Title / object name
|Maker ||Role ||Date |
|Wellington Scale Company ||manufacturer(s) ||1970s |
metal, paint, enamel paint
|Overall ||565 (Length) x 620 (Width) x 1195 (Height) mm|
Gift of the Royal New Zealand Plunket Society Inc, 2010
This is a set of scales used for weighing babies. They are made of metal painted a cream colour. They consist of a sprung base, a large basin to put the baby in, a vertical support pole, a horizontal measuring scale that stops at3 kilograms, and a set of four metal weights to hang from the end of the scale. On the vertical pole are four stickers of Disney cartoon characters, and there are four more inside the basin. At the top of the pole is a black plate with 'Wellington Scale Co. 68 Dixon Street Wellington, NZ' written on it.
This set of baby-weighing scales is part of a collection formerly owned by the Royal New Zealand Plunket Society. They came from the Johnsonville Plunket Rooms. Babies were brought to Plunket rooms to be weighed, and the measurements were recorded in the baby's personal Plunket book. In the earlier days of the Society, Plunket nurses would cycle to the mother's home and weigh the baby with portable scales.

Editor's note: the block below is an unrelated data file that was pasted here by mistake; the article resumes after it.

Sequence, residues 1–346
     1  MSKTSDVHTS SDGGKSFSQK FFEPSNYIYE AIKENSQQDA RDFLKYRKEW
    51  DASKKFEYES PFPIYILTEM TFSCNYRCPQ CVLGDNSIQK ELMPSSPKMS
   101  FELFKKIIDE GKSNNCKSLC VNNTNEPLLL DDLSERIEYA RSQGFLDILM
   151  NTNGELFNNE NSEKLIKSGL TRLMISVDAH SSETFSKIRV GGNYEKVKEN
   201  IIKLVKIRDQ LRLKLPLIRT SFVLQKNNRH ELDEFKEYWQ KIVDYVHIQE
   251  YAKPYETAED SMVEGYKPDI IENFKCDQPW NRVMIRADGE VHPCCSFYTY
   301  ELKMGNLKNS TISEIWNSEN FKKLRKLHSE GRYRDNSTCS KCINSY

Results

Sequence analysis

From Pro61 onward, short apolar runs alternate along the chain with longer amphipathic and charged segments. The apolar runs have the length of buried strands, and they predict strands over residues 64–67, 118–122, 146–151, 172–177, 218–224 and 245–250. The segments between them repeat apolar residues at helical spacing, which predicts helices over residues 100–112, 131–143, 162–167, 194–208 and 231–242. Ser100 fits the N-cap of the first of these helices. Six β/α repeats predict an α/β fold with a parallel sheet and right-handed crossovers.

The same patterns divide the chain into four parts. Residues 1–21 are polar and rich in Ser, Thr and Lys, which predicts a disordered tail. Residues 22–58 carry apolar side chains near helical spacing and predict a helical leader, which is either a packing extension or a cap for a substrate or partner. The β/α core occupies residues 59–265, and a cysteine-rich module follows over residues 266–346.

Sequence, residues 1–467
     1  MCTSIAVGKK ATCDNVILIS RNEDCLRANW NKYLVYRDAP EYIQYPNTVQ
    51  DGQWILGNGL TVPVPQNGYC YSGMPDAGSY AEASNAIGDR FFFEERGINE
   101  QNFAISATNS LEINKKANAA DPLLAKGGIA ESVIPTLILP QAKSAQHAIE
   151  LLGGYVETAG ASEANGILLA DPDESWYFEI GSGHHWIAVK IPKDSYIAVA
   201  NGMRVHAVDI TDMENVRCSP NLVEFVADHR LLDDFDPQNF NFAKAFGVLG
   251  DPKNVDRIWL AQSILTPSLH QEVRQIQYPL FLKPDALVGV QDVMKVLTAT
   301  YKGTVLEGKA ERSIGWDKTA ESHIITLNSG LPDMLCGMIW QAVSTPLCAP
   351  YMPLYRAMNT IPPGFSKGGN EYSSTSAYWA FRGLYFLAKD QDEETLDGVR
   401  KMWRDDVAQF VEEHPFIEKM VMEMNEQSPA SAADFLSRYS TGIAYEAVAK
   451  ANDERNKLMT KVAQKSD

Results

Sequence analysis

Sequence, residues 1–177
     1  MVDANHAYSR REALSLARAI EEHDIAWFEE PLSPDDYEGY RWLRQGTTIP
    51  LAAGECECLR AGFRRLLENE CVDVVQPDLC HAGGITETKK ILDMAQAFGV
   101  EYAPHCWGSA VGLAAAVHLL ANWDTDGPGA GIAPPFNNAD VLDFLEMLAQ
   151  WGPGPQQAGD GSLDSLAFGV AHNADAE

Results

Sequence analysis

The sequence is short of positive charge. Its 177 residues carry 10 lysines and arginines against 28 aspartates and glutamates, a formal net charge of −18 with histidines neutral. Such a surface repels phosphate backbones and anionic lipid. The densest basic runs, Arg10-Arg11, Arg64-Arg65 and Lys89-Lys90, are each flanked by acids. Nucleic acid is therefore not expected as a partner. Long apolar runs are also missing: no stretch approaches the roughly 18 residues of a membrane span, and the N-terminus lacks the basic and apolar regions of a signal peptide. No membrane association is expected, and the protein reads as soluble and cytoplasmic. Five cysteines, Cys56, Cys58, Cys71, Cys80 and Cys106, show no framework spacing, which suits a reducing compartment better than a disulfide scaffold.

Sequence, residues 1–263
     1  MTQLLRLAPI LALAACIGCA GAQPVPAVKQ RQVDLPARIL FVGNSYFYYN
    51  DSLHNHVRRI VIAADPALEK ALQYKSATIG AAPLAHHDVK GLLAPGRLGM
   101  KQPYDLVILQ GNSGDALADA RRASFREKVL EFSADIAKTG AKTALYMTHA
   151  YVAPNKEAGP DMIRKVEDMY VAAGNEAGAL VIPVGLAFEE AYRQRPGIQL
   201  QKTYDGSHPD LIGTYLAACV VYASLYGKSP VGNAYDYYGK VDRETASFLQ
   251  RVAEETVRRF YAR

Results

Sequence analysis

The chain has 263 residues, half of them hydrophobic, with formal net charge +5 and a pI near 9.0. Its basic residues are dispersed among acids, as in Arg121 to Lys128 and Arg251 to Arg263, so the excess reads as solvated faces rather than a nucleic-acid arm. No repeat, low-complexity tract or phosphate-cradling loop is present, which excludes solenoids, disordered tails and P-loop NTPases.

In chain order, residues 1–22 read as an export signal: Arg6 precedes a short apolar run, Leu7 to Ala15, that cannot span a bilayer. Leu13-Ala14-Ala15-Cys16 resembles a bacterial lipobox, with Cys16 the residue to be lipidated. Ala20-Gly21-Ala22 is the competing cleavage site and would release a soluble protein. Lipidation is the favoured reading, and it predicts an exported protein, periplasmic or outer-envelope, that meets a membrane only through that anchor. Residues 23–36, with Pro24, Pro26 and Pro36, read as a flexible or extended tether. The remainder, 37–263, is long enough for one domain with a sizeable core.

The Royal New Zealand Plunket Society
Sir Frederick Truby King founded the Royal New Zealand Society for the Health of Women and Children in 1907 in an effort to improve childcare standards, and it is still active today. It is, however, more commonly known as Plunket, after Lady Victoria Plunket, wife of the Governor of New Zealand at the time of the Society's establishment and a great supporter of King's work. In 1980, the Society officially changed its name to the Royal New Zealand Plunket Society.
In the late 1980s, Te Papa received a collection of objects and ephemera from the Plunket Society, including promotional leaflets, a 'Well Child' baby book, and a set of scales for weighing infants. These items date from different periods in the history of Plunket, from its inception in 1907 to the time of this acquisition.